After seeing Jurassic Park, where scientists clone dinosaurs from the blood of ancient dino-biting mosquitoes,Wilson thought: Hmmm, that's a little far-fetched, but I bet I can do a version that might be "really and truly possible."

Read more

6:03am

Sat July 13, 2013
Krulwich Wonders...

'Why You? Why Now?' A Med Student's Journal

Originally published on Sat July 13, 2013 8:02 am

iStockphoto.com

I guess doctors, especially doctors-in-training, have to get used to sudden, inexplicable endings. You are trained to heal. That's the goal, that's the point. But every so often, you don't win. Something you didn't see coming, comes. I don't know which hurts more, the 'suddenly' or the 'why?" If the patient is clearly dying, it's easier. You can prepare.

Read more

12:31pm

Fri July 12, 2013
Krulwich Wonders...

The Hardest Thing To Find In The Universe?

Originally published on Sat July 13, 2013 3:06 am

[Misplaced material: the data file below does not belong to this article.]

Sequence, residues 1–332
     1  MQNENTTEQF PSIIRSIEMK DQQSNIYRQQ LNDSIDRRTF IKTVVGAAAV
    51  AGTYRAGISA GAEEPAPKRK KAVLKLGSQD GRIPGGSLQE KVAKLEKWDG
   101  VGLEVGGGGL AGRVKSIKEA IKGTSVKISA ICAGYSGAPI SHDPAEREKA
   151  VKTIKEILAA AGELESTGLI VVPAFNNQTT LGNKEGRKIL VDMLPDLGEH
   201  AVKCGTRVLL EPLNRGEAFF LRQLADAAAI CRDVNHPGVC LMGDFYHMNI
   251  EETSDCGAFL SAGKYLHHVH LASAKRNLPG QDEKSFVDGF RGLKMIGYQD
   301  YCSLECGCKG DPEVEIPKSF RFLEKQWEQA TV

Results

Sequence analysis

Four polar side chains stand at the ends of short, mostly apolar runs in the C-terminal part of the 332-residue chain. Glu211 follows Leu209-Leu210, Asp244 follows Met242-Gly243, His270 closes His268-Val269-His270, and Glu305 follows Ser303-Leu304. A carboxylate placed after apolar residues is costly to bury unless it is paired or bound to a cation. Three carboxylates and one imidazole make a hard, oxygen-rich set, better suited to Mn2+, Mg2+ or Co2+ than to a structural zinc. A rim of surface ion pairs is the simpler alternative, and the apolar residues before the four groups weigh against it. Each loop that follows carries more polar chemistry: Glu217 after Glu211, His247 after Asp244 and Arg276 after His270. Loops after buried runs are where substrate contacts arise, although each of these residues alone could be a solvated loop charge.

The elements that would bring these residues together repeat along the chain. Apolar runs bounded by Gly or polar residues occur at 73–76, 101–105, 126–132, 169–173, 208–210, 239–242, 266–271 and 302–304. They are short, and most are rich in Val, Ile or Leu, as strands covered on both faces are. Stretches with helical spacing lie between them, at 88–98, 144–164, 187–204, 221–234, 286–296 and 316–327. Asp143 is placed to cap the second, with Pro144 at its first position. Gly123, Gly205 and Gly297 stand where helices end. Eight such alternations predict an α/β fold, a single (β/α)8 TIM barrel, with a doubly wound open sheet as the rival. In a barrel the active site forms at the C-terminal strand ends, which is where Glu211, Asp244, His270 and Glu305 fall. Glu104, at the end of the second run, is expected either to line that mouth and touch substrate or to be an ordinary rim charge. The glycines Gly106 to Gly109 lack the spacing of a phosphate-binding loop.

iStockphoto.com

What is rarer than a shooting star?

Rarer than a diamond?

Rarer than any metal, any mineral, so rare that if you scan the entire earth, all six million billion billion kilos or 13,000,000,000,000,000,000,000,000 pounds of our planet, you would find only one ounce of it?

What is so rare it has never been seen directly, because if you could get enough of it together, it would self-vaporize from its own radioactive heat?

Read more

2:04pm

Mon July 8, 2013

1:02pm

Tue July 2, 2013
Krulwich Wonders...

Democracy, My Mother And Toast

Robert Krulwich NPR

When they proposed it in the 1770s, it was such a novel idea. That instead of a king anointed by God, instead of a sage, instead of one leader telling all of us what to do, we should, every four years, all of us, pick our own leader, who would serve for a season, and then, job done, gently depart.

Nothing like this had been tried for thousands of years. Somehow, together we would be wiser than a single king. We would lead ourselves.

In principle, democracy seems noble, beautiful even.

At my family dinner table, I wondered a little. More than a little.